How to Have a Longer and Richer Retirement

Last Updated Mar 11, 2011 12:22 PM EST

A report published recently by the Proceedings of the National Academy of Sciences added to the mountains of accumulating evidence that regular exercise can extend your lifespan and your healthspan -- the period during which you're healthy and active. And exercise should also help you save money on medical bills in your retirement years -- something we'll need to do.

The findings were determined after scientists at McMaster University in Hamilton, Ontario genetically programmed mice to age more quickly than normal. Then they divided these mice into two groups -- the control group that didn't get any exercise, and a group that exercised regularly. The control group of mice deteriorated rapidly and died prematurely, as expected. And the group that exercised regularly lived much longer and remained youthful and active.

Of vital importance to both young and old readers is the fact that the sexual organs -- the gonads -- of the control group of mice shrunk rapidly, but the gonads of the exercise group remained normal for a much longer time. They say that sex sells, so if you won't exercise to improve your health and longevity, maybe this new information will give you the necessary motivation! (If you want to read more about the study, here's a detailed summary from The New York Times.)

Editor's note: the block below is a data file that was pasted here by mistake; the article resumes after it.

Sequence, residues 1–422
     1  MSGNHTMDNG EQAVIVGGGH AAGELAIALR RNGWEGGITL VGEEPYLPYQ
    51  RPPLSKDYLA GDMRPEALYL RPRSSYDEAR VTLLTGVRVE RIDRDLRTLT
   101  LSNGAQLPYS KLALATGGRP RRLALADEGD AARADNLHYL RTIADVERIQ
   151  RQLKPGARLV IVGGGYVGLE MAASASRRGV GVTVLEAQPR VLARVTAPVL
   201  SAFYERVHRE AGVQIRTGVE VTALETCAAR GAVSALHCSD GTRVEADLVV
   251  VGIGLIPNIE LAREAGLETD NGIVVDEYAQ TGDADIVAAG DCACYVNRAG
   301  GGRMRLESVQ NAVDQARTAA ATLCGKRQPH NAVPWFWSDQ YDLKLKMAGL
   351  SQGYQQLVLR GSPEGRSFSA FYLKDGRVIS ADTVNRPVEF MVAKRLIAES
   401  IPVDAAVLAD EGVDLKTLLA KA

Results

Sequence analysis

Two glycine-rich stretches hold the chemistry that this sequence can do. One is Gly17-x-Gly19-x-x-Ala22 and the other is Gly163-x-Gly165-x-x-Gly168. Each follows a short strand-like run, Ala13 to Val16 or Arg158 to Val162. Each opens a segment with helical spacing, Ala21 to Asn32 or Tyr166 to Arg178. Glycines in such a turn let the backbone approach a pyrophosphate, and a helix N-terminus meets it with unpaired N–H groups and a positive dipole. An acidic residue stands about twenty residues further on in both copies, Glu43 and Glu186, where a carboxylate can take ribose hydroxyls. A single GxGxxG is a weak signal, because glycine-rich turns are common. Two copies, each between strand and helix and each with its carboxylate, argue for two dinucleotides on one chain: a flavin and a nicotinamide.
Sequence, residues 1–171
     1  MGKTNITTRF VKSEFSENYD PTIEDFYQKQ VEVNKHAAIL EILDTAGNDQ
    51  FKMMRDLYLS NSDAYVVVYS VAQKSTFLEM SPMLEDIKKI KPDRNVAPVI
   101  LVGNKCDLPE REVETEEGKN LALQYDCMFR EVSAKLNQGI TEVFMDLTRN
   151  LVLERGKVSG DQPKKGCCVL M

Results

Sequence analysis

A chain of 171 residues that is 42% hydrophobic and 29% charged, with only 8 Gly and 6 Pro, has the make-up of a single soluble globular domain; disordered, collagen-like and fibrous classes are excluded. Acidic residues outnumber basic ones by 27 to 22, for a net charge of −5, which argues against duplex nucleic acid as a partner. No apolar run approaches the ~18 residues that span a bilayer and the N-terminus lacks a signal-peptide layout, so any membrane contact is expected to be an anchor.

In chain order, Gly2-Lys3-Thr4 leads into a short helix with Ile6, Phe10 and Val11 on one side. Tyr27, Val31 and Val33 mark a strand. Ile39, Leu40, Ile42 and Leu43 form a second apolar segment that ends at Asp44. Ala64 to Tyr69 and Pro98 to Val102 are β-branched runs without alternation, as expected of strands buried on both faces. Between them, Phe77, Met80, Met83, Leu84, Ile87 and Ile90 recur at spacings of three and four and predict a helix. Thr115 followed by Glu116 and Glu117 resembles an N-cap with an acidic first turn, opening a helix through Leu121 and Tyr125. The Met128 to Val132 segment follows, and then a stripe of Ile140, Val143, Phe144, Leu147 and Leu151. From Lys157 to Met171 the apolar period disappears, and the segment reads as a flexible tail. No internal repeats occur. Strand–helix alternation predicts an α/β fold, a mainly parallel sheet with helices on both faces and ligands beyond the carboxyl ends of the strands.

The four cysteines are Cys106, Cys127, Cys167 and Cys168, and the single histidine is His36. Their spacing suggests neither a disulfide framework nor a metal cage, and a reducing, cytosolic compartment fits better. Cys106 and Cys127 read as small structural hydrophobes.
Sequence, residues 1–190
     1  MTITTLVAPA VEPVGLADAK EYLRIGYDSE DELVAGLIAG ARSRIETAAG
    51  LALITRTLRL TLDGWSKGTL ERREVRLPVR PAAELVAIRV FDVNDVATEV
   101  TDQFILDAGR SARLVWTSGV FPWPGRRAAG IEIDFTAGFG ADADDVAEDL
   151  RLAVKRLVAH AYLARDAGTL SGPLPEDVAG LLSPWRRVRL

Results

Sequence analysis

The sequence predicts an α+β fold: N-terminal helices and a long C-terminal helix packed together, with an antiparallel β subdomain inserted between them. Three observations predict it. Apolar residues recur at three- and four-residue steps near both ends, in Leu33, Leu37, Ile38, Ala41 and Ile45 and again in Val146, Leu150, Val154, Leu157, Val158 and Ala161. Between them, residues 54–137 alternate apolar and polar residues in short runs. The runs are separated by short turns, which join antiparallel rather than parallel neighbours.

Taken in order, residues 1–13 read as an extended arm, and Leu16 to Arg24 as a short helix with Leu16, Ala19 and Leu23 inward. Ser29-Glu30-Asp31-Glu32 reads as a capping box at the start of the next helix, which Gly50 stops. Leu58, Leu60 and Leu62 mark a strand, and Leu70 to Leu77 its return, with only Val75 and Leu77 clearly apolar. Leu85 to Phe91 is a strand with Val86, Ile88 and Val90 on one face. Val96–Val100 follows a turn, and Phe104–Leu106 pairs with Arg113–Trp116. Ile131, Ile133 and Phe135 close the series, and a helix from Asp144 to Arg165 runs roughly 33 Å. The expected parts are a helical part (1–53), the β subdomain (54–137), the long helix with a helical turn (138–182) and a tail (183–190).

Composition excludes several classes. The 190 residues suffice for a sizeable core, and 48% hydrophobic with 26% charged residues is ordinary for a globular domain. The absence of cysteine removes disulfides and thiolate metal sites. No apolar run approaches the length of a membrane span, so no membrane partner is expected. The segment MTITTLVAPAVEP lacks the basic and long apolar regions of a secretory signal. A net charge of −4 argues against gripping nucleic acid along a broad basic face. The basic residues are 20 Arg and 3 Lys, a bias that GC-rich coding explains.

So what kind of exercise should you actually be doing? The National Institute on Aging and the National Institutes of Health have developed an informative and simple website with information and ideas for improving the health of seniors. Their website recommends that seniors get the following four types of exercise:
  • Endurance activities, like walking, swimming, or riding a bike. These improve the health of your heart and your circulatory system.
  • Strengthening exercises, like lifting weights or resistance training. These build muscle tissue and reduce muscle loss.
  • Stretching exercises, such as yoga or the stretches you should do before exercising. These will help keep your body limber and flexible.
  • Balance exercises, including walking, tai chi, and yoga. These will help reduce the chances of a fall, which can produce serious injuries that trigger a downward spiral in older people.
For one more dose of inspiration, consider Jack LaLanne, the famous fitness guru who recently died at age 96. LaLanne started out as an ordinary guy with not-so-good genes -- his father passed away at age 50 from a heart attack. But Jack kept fit and trim well into his 90s by pursuing a life-long, extremely active lifestyle. The good news is, you don't need to exercise as much as Jack did -- even moderate exercise will give you tremendous health benefits.

Gotta run now. I'm going for a swim -- and I'm taking my wife!

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    Steve Vernon helped large employers design and manage their retirement programs for more than 35 years as a consulting actuary. Now he's a research scholar for the Stanford Center on Longevity, where he helps collect, direct and disseminate research that will improve the financial security of seniors. He's also president of Rest-of-Life Communications, delivers retirement planning workshops and authored Money for Life: Turn Your IRA and 401(k) Into a Lifetime Retirement Paycheck and Recession-Proof Your Retirement Years.

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